Children don’t emerge as fully formed foodies. But with your help—and a laser focus on eating fresh foods in season—your child can acquire a more global view of food, food sourcing, food prep, nutrition, and creativity in the kitchen.
1. Do this: Create an activity- and food-friendly workspace.
Why: So your child can be near you, learn from you, and practice new skills!
Be sure you: Have plenty of craft supplies in baskets and jars of markers so little ones linger long.
Points for: Good lighting, chairs or stools, space for food prep and projects
Short-term benefit: Activity draws kids to the kitchen. You cook while they create and snack (push a plate of sliced peppers or peeled carrots in their direction).
2. Do this: Let your kid offer ideas for dinner.
Why: Because it will help him learn to make good food and nutrition decisions
Be sure you: Respect his choices—and turn over the reins on occasion. Let him help you shop for food, choose this tomato or that one, and at home he can watch you store and prep food and work your kitchen magic.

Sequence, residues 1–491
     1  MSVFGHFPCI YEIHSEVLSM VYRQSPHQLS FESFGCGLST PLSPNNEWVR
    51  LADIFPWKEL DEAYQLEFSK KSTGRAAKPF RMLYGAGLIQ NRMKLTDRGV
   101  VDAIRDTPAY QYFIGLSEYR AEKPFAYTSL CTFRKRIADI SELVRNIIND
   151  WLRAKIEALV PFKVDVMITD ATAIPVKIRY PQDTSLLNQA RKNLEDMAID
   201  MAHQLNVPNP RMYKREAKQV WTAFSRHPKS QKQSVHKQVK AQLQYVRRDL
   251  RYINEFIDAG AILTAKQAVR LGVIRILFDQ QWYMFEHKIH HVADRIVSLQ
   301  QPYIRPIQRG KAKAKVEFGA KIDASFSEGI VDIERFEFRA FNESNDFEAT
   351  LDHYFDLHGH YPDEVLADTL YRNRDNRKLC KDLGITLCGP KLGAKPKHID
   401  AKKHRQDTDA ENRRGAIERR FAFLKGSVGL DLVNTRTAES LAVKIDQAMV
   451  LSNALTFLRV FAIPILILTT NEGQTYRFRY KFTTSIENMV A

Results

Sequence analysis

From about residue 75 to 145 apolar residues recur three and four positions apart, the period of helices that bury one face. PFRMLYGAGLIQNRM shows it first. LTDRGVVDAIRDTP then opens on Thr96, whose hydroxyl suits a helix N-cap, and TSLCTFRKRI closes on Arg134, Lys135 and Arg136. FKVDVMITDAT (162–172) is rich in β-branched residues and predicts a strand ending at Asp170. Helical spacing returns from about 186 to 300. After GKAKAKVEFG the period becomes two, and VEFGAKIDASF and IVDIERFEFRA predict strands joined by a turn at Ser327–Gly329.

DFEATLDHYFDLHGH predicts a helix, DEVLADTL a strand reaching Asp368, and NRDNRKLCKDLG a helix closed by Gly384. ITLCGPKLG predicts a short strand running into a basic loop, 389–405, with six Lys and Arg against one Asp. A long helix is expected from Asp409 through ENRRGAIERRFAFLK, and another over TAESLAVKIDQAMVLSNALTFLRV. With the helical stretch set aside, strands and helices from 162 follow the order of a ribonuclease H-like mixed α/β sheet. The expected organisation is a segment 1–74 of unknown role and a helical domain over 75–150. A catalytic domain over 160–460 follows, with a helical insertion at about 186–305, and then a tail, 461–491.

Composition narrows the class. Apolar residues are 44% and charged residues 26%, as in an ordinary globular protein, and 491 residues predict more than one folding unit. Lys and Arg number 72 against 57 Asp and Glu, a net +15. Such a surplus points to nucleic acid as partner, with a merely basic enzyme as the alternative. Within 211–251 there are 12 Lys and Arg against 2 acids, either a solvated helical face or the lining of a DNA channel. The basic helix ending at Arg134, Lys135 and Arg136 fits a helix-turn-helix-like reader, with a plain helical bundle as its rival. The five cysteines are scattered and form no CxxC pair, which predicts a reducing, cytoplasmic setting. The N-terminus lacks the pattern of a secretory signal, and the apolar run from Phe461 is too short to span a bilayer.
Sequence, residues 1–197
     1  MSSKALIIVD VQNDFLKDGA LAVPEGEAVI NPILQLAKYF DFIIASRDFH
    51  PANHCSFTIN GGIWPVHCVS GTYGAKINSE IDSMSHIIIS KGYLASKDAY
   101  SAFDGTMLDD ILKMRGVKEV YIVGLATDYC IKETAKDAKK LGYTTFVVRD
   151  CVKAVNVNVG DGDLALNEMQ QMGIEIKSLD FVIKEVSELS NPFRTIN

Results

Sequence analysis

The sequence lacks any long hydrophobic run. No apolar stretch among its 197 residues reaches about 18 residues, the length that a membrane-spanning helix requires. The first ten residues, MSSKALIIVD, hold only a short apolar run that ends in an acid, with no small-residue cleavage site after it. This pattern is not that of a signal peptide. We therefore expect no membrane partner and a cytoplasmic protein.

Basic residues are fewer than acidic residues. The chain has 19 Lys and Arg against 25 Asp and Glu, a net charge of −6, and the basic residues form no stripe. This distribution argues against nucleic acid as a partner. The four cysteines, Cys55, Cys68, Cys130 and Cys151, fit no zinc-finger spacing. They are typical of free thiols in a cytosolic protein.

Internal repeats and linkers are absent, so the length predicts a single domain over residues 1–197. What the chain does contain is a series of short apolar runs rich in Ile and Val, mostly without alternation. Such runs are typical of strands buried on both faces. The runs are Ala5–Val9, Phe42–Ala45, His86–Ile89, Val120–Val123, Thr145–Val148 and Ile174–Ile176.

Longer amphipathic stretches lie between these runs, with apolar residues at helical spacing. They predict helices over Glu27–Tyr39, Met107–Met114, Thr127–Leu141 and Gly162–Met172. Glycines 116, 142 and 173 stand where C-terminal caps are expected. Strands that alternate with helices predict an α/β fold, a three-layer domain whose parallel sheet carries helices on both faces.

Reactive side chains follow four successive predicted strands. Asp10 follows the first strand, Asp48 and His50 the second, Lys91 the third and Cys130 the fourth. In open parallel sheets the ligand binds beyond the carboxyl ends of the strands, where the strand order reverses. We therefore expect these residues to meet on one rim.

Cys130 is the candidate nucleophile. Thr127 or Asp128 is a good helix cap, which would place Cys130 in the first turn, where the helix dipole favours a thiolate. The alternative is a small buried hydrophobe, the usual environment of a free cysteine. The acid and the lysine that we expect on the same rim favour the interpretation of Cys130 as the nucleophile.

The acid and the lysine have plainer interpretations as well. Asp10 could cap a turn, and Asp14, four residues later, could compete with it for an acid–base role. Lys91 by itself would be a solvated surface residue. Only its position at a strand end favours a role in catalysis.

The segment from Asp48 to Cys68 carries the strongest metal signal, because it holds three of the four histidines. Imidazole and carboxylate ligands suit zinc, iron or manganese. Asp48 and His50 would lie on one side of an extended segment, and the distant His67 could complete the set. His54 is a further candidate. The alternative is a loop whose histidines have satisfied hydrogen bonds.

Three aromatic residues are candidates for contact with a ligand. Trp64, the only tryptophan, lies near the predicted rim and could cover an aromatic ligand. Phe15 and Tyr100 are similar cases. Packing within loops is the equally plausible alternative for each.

Points for: Making the culinary world fun for newbies. Cook together and use cool restaurant terms like line chef, sous chef, and head chef. Explain the tasks that fall to each team member.
Short-term benefit: Participation promotes cooperation and curiosity, and that lays the groundwork for competence in the kitchen and at the table later.
3. Do this: Bring on the gadgets.
Why: Kids innately love things they can manipulate.
Be sure you: Provide a hands-on experience.
Points for: Handing over your potato masher, salad spinner, hard-boiled egg slicer, or apple corer.
Short-term benefit: Hikes motor skills and boosts knowledge of kitchen essentials
4. Do this: Shop the farmers’ market or grow your own herbs and veggies.
Why: Because everything tastes better fresh and in season
Be sure you: Talk up the merits of sustainable farming
Points for: Encouraging kids to ask questions, try samples, converse with sellers Short-term benefit: Makes kids savvy consumers
5. Do this: Introduce new foods slowly.
Why: Because eating is an adventure and nutrition is important
Be sure you: Encourage your child to taste new food but don’t force her to eat it.
Points for: Persistence.Don’t give in to your own frustration. Serve tiny portions of new foods over and over—10 to 15 times if necessary, say experts.
Short-term benefit: Success here opens the door for bigger adventures.
6. Do this: Avoid power struggles with picky eaters.
Because: They always backfire.
Be sure you: Avoid ultimatums, as in “Finish your dinner or there’s no dessert.”
Points for: Backing off
Short-term benefit: Self-regulation. Kids learn to eat if and when they’re hungry instead of in response to threats and pressure.